About Australian Open Tennis Championships
Out of four Grand Slam tournaments, the Australian Open Tennis Championships is the only Grand Slam to be held in the beginning of the year (January). For all those millions watching the nail biting match between Novak Djokovic and the top seed Roger Federer, could not but help cheer the valiant Serb in his fight against a master.
The fact that Novak won in straight sets and went on to win the Australian Open Tennis championship 2008 is the stuff fairy tales are made of. The Australian Open threw up another anomaly of an unseeded unknown player brushing past heavyweights to reach the finals. Jo-Wilfred Tsonga drew critical acclaim when he reached the finals and created a record of sorts.
Also christened as the Asian Grand Slam, the Australian Open Tennis is an annual event held in Melbourne, Australia. Attended by most men and women champions the event lays the mood for the other Grand Slam events.
A century ago, precisely in 1904, six Australian State Tennis associations coalesced with the governing body of Tennis based in New Zealand into the Lawn Tennis Association of Australasia. The first Tennis Championship event was held a year later at the Albert Reserve, Melbourne on the lawn of the Warehouseman’s Cricket Club.
A game on a borrowed lawn heralded the future Grand Slam of Asia. The finalist Dr Arthur Curtis and Rodney Heath played before 5000 spectators. This was the beginning of a major Grand Slam event that has run a course of a century and still going strong.
In 1906, the Australian Open Tennis tournament shifted to Christchurch, New Zealand, reverted back to Australia and in 1912 was the final time the event was held in New Zealand. Australia and New Zealand parted ways in 1922, which also was the year the Women Championships were introduced. The finalists in the first ever women championships were Margaret Molesworth and Esna Boyd. The Australian Open Tennis tournament has since then been played in Australia with different cities sharing the honor of hosting the Championships.
The Championships were temporarily stopped during the World Wars. The Tournament was named the Australian Championship in1927, later in the year 1969 the tournament was renamed Australian Open Tennis Championship as professionals and amateurs both, played in the Championships. In the year 1971, White City, Sydney hosted the Open for the last time. Ken Roswell and Margaret Court, both Australians won the singles titles. The Kooyang Tennis Club became the home of the Australian open in 1982.
The eighties decade bought important changes in the Australian Open; it was deemed a Grand Slam event and allotted a permanent time frame in January. In the year 1987, the last Open was played on grass where Stefan Edberg claimed the singles title defeating Pat Cash in a grueling match. 1988, was the year the Australian Open shifted to its permanent home at Flinders Park, Melbourne.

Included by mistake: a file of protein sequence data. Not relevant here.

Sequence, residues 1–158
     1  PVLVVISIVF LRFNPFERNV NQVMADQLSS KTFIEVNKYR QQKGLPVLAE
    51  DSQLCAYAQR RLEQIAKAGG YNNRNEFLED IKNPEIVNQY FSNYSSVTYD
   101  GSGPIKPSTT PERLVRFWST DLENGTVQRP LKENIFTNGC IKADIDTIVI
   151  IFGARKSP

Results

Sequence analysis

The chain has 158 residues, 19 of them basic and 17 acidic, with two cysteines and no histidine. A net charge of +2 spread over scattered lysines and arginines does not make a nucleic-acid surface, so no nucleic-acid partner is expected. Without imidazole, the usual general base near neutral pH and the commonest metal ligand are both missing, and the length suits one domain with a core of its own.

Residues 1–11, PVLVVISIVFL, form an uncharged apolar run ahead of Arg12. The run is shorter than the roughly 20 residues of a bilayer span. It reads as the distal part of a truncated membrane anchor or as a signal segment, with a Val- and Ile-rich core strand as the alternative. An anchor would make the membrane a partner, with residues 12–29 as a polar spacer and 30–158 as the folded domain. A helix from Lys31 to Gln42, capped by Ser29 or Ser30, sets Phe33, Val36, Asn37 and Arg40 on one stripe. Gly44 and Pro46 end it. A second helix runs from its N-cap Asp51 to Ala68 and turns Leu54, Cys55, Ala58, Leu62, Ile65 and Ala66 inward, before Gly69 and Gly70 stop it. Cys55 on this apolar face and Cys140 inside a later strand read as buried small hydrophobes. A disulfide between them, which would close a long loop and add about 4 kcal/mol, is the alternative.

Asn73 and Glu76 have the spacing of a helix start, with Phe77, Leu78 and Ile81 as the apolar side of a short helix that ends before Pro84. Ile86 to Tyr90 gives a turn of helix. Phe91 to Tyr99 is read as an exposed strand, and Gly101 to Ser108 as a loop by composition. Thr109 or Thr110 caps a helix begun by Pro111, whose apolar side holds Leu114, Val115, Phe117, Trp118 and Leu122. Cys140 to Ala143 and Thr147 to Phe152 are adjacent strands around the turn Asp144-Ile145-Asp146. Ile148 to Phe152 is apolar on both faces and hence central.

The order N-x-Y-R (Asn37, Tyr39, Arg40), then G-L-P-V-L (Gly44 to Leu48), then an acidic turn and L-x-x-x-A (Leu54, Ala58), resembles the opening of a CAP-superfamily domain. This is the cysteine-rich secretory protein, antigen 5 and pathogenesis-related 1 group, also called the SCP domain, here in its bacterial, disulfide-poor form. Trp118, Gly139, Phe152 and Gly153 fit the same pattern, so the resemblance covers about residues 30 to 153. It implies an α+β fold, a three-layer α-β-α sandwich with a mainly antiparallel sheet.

Melbourne Park is now the permanent venue of the Australian Open Tennis grand slam, though other events do take place throughout the year, the venue is totally identified with tennis. The Melbourne Park has two stadia, the Rod Laver arena and the refurbished Vodafone arena.
The Rod Laver arena, named after Australian’s tennis legend, formerly known as Centre Court, boasts of Match Court 1 and 2 with a seating capacity of 9000, 13 outside match courts, and 5 indoor practice courts. A major revamp doubled the size of Melbourne Park, adding 2 new show courts, 8 new match courts. A central lawn area, Garden Square, was also incorporated in the Park and houses a huge screen which broadcasts live matches.
The newly completed Vodafone Arena has a seating capacity of 10,000 and also food courts, merchandise shops and beverage outlets.
All tennis surfaces were Rebound Ace, which is a cushioned tennis hard court surface. In 2008 the tennis court surfaces were replaced with a cushioned, acrylic, rollout, the Plexicushion. The new surface sports a lower rubber content which promotes greater foot grip, the surface retains less heat adheres to the current ITF standards
Both stadia are equipped with retractable roofs, given the peak summer conditions during which the event is held. The retractable roof comprises of two rolling sections each spanning the court with the by now the well known arched trusses. The retractable roof takes around 30 minutes to open or close and during intense heat periods the roof is closed.
Melbourne Park has its own Tram stop (route 70) and is within walking distance from Richmond, Flinder’s Park and Jolimont railway stations.
The Australian Open, the Grand Slam of Asia, is also known as the Happy Slam, is today one of the greatest tennis events on the world Grand Slam calendar as well as in Australia’s sporting calendar.